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Habits of Hyper-growth Sales #3: Embrace Ambiguity and Complexity

(This post appeared originally on LinkedIn here)

Last week I spoke about how planning for a longer term automatically establishes a much bigger target to go after. But planning longer term comes at a price called risk: The further we look into the future the more unknowns we come across and the less stable our initial assumptions become.


Five years into the future almost everything looks very ambiguous and complex. That’s why most Incumbents avoid it and focus on linear, incremental innovations to sell them to their existing customers building on top of their large installed base.


To beat them a Disruptor must do the exact opposite and go where the Incumbents shy away from: re-imagine the world, question all assumptions, build a new, non-traditional, still-to-be-proven value proposition.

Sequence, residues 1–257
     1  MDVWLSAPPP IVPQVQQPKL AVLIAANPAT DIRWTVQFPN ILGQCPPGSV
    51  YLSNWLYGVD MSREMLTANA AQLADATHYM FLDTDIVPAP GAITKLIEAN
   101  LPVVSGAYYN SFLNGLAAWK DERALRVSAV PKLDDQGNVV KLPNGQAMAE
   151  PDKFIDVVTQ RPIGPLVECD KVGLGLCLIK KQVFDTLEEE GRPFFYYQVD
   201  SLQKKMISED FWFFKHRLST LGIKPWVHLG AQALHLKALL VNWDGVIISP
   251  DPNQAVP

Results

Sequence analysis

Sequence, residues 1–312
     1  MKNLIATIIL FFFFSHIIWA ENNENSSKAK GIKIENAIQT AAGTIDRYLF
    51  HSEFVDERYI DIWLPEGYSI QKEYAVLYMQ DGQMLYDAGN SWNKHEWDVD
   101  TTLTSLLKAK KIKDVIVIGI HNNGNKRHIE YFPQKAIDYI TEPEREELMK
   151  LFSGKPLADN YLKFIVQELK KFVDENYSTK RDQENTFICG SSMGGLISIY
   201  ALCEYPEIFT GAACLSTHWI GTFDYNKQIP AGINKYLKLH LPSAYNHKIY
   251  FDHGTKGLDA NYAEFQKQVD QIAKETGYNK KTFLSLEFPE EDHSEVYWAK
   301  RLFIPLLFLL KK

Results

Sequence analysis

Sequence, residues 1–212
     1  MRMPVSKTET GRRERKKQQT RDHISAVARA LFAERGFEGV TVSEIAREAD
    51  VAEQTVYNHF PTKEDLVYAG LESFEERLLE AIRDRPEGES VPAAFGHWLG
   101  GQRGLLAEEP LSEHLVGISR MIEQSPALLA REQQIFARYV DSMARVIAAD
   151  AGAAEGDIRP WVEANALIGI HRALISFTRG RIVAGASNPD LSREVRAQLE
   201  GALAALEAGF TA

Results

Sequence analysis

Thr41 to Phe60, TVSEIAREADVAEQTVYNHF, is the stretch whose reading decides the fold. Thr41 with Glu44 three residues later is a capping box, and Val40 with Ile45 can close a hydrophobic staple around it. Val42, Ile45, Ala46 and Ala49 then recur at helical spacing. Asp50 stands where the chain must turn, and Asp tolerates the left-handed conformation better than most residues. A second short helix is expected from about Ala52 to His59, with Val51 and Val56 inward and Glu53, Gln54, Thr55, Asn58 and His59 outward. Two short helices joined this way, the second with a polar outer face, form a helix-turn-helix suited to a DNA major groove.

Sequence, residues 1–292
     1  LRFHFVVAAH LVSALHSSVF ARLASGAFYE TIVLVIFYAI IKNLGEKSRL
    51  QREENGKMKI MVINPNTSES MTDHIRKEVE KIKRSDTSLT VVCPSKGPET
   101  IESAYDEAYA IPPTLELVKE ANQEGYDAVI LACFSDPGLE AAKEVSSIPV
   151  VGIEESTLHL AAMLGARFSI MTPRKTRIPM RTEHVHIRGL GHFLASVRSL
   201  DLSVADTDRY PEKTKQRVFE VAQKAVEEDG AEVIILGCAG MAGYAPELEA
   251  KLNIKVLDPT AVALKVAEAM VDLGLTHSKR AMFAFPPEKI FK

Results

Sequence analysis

In other words: We need to go where ambiguity and complexity are overwhelming the faint-hearted!


One day we held the final check on a narrative going to Andy Jassy when he was still CEO of AWS and a colleague asked to call out the fact that AWS had never done something like the investment we proposed before. One of the EVPs declined stating that “doing things we have never done before is our business and hence we don’t have to call it out as a risk”!


In hyper-growth sales ambiguity and complexity are your best friends so you need to develop the skills to deal with them.


Work backwards from the outsized target you set yourself (I’m not talking about quota here but the legacy you want to build) and list all the assumptions behind it. Next qualify these assumptions for stability and criticality and focus on the ones instable and critical to your target achievement.


Build scenarios by varying your assumptions and dive deep to make them more stable or prove them as wrong. Focus on two to three scenarios as betting on one means you don’t have a Plan B while dealing with more will dilute your attention.


Openly communicate the risks for your target achievement in your portfolio or account plan and how you plan to mitigate them one by one.


Knowing these risks and how to mitigate them gets you already half the way, the rest is execution.

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